How long have you been in the business intelligence (BI) field? Unlike the Microsoft BI stack that we all take for granted, Crystal Reports has been in the BI game since the early 1990s. Crystal Reports 2008’s Development Edition is $400 for a single-user license. The software ships in an x86 build, but it supports running in 32-bit mode on x64 systems. If you want to ship the underlying report engine with an application (e.g., in ISV scenarios), you need to purchase a Crystal Reports runtime server license for $2,500.
I couldn’t write a review of Crystal Reports without mentioning the product’s support for Visual Studio and Microsoft developers. With Visual Studio, Microsoft developers can directly (and for free) embed Crystal Reports into their applications, using a variety of report viewer mechanisms and controls. The authoring experience isn’t as rich as what you get with the full-blown Crystal Reports product—developers who want more from the product will need to upgrade (or remove the need for Visual Studio to develop reports).
Visual Studio 2010 is the first version of Visual Studio to not ship with Crystal Reports. Instead, you must download a separate installer from SAP’s website. Crystal Reports for Visual Studio 2010 was still in beta at press time. For information about the RTM version, go to the SAP Community Network website.
To run Crystal Report 2008, your computer must meet a few requirements. Your machine’s CPU should be an Intel Pentium III or better, with a minimum of 256MB of RAM (512MB recommended). Your disk drives should have a minimum of 300MB (600MB recommended). Finally, your machine must be running Windows XP SP2 or Windows Server 2003 SP1 or later.
My evaluation of Crystal Reports was a good experience; it reminded me of the time (pre–SQL Server Reporting Services—SSRS) when I used the product routinely. Unfortunately, the product feels too similar to its previous versions and has some major usability issues. First and foremost is the lack of an equivalent to the Tablix control in SSRS. Second, you have to rely on an outdated menu system (no ribbon) and pop-up dialog boxes to edit controls. Crystal Reports’ usability would greatly improve with the addition of a Properties window in the designer.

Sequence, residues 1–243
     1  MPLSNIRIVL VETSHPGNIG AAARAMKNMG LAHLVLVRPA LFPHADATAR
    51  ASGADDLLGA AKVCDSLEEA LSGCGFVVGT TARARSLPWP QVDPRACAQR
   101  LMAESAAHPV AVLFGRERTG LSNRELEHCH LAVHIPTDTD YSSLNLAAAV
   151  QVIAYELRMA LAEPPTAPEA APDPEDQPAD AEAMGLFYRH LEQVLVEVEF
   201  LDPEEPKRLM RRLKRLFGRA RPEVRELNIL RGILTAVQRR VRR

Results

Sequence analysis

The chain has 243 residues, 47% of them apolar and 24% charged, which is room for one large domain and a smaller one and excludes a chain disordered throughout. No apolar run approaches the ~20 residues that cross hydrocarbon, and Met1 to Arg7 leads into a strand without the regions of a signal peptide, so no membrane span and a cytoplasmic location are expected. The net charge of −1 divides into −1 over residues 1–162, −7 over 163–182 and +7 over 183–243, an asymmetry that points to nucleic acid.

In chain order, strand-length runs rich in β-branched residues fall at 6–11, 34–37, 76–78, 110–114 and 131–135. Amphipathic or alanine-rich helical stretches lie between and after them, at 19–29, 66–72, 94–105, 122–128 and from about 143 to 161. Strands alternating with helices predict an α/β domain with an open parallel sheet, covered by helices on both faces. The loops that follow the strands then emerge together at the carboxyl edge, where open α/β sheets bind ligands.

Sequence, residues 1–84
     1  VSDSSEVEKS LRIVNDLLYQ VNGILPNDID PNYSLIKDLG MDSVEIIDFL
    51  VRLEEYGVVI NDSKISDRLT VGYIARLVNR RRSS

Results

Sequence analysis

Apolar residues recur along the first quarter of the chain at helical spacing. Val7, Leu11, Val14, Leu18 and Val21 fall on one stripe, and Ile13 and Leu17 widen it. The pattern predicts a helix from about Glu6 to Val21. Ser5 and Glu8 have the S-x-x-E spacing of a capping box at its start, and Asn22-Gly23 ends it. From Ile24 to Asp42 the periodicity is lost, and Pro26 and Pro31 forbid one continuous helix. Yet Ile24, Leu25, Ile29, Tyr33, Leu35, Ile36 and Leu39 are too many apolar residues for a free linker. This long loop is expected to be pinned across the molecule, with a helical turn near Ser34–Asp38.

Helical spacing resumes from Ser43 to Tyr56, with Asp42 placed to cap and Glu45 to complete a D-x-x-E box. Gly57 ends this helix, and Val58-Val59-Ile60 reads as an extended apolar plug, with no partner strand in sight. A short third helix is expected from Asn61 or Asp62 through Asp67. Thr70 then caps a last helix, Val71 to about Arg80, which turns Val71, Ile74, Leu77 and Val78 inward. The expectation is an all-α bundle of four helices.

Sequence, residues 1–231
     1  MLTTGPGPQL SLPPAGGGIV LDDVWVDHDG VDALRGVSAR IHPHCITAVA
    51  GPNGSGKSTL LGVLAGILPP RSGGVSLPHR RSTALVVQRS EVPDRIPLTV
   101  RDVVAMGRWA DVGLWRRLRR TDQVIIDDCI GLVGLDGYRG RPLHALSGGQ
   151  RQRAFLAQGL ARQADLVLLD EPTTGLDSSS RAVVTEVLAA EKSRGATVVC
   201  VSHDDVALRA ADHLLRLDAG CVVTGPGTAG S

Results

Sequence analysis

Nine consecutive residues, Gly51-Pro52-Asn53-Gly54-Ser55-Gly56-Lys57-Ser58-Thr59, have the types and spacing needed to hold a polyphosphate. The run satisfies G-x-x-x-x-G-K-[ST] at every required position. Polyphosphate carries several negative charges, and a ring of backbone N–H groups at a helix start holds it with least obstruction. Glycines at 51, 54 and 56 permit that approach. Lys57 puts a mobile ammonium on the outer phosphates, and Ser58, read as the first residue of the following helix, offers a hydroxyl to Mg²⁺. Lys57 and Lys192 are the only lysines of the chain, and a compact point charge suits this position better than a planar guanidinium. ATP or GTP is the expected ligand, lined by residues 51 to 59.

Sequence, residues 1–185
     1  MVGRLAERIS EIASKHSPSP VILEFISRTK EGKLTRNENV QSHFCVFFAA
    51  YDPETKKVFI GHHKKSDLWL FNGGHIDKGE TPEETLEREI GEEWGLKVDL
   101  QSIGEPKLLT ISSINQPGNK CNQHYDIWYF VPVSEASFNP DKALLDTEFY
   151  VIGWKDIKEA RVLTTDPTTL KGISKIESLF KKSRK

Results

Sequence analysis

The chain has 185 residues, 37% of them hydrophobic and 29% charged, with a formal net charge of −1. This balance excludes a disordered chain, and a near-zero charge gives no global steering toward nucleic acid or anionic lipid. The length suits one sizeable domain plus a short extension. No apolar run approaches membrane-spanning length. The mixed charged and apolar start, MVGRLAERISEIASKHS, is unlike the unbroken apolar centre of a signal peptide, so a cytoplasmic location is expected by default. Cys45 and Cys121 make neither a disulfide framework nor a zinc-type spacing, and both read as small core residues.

To create a sample financial services report, I had to connect to a data repository and return data to surface in the report. In my report, I connected to a SQL Server 2008 R2 instance. The typical tables, stored procedures, and ad-hoc queries are supported for your relational database sourcing needs. You can also correlate incoming data streams by linking report data sets together. Crystal Reports 2008 has an extensive list of supported data sources.
Although Crystal Reports’ current version provides a standard set of data visualizations from bar charts to histograms, sparklines or mini-charts would be a welcome addition in the next version. I was glad to see the presence of mapping capabilities in the current version.
Crystal Reports 2008’s accompanying documentation is solid and was very helpful as I tried to build my first Crystal Report in four years. However, some aspects of the product’s Help and documentation need updating. For example, the “How Do I” and “Help Favorites” sections, as well as the entire Crystal Community, need tighter integration into the product. I’d prefer a menu option that I could click directly from the product to bring up the company’s approved bloggers, forums, etc.
Crystal Reports 2008
SAP provides some amazing innovations for use with Crystal Reports. The free report viewer utility is a solid piece of craftsmanship in and of itself—but even more useful is the option to Explore this report’s data online – beta. Clicking this option launches an online session with CrystalReports.com, uploading and exploring the report’s data in the cloud. This user experience is called SAP BusinessObjects Explorer in the Cloud. SAP also provides an iPad viewer utility. Although the iPad isn’t a well-loved device in the SQL Server community, it does have extensive capabilities for interacting with and consuming information. For a complete list of SAP’s BusinessObjects innovations, go to www.sdn.sap.com/irj/boc/innovation-center.
Although Microsoft should pay attention to SAP’s technological innovations, SSRS still dominates Crystal Reports from a report authoring perspective. The most important aspect of a reporting product is the report authoring experience—and Crystal Reports’ authoring experience just feels too 1990-ish. SAP would be better served by backing off on innovation initiatives until the company makes some much needed updates to the Crystal Reports authoring interface.